All You Really Need to Know About Employee Engagement You Learned In Little League
"You may have the greatest bunch of individual stars in the world, but if they don't play together, the club won't be worth a dime."
-- Babe Ruth
Power Home Technologies is a company with hustle. The representatives who sell its home-security systems work on full commission; if they don't make calls, they don't make payroll. That salary structure tends to attract naturally competitive people and reward those who leave it all on the field, says CEO Ben Brookhart.
"Being lazy in our business is not going to cut it," asserts Brookhart, who began selling security solutions 17 years ago after an injury ended his college baseball career. "When we bring in candidates for interviews, the most important things are confidence and a positive attitude. With those two ingredients, we can train them to do anything."
But any Barry Bonds-era fan of the San Francisco Giants will tell you that superstar hitters can't win the World Series alone. Teamwork is the secret to long-term victory -- and that takes more than competitive DNA, Brookhart says.
He knows of what he speaks: His North Carolina-based company has doubled its workforce over the past five years, and in 2012 it brought in $18 million in revenue.
Brookhart draws a direct line between Power Home Technologies' success and its engaging team-based sales competitions. Each year, the 10 Power Home Technologies branches square off in a sales challenge designed to drive greater sales through teamwork.
Here are its four rules for building teams through competition:
1. Everyone plays harder in a jersey.
At Power Home Technologies, each annual sales competition is built around a sports theme. In 2013, that theme was football. Each branch chose an NFL or NCAA identity (depending on office size) and adopted its mascot, colors, and fight song as its own. When sales reps rally around their new identity, Brookhart explains, "they're not thinking about knocking on doors or making phone calls, but about scoring a touchdown for the team. It takes the focus off the mental challenges of sales and puts it on the winning. I tell them, 'Don't chase money. Chase success.'"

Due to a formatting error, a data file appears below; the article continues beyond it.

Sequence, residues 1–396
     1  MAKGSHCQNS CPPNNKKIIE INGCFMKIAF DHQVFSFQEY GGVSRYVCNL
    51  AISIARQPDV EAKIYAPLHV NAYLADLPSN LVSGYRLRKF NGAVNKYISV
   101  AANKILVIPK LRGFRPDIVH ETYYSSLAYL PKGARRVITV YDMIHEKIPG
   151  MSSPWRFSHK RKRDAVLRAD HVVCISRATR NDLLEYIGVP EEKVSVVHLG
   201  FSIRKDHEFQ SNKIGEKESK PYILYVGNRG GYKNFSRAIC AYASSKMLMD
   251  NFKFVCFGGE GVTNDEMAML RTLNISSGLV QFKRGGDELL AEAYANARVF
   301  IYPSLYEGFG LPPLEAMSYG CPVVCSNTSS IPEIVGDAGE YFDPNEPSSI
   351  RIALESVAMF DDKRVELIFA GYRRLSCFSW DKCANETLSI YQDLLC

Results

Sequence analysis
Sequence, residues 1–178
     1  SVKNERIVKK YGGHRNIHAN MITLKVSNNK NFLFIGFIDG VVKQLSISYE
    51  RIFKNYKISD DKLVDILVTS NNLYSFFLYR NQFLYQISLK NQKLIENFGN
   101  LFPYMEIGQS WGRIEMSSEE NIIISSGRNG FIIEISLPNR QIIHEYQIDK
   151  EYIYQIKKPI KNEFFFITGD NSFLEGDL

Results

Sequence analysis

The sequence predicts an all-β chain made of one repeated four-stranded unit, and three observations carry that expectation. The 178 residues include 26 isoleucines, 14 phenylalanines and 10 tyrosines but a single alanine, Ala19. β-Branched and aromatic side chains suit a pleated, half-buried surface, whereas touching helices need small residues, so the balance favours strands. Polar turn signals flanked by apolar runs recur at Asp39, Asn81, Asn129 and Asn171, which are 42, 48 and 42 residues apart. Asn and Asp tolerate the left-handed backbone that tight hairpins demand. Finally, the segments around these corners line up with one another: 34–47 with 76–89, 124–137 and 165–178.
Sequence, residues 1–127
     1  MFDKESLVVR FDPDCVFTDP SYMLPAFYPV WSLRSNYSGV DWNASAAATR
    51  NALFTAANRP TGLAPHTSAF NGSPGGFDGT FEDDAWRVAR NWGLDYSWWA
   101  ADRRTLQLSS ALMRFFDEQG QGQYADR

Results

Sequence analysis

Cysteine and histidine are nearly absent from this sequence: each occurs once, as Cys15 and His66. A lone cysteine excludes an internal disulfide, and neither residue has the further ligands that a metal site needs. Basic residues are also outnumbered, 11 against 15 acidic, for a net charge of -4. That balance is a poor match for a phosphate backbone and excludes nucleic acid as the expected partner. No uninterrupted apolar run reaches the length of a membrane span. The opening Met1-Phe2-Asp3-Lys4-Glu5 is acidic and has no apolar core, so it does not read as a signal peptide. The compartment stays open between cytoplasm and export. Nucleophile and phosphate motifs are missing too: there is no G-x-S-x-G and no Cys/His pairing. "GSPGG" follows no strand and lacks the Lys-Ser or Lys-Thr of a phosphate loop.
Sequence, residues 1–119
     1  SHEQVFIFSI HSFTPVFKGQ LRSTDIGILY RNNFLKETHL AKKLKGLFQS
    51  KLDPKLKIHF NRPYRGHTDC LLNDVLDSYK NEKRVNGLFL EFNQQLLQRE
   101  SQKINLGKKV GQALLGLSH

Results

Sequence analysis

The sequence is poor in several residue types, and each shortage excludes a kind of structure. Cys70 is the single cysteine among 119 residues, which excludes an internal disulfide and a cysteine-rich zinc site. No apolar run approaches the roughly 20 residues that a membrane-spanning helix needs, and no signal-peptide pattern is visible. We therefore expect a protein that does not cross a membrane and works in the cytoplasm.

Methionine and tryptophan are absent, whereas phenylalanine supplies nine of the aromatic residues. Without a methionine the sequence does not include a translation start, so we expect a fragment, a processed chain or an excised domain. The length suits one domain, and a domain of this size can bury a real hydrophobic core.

2. Trash talking is a sign of heavy engagement.
Power Home Technologies uses a private Facebook page to update its sales leaderboard. But you can't really, truly talk smack from a keyboard, so Brookhart hosts a weekly sales call that "gets people riled up." He encourages the interoffice rivalries and says that as long as he sees people wearing team colors and hears them trash-talking at the watercooler, he knows his approach is working.
3. Cash prizes are good, but a trophy is better.
Winning teams receive $16,000 to be divided evenly among all members or relative to each individual's sales--it's up to each branch to decide. More importantly, Brookhart says, the champions are called onstage during Power Home Technologies' big annual party to claim their trophy. "The money is always great," he says, "but what they're really looking for is a pat on the back in front of their peers."
4. MVPs make great coaches.
To keep star players engaged, Power Home Technologies also rewards outstanding individual efforts with a weekly cash prize of $200. What's more, the company offers a special role to these MVPs: "Our superstars are given a team captain role, and their job is to go out and train their teammates to be successful, too," Brookhart says.
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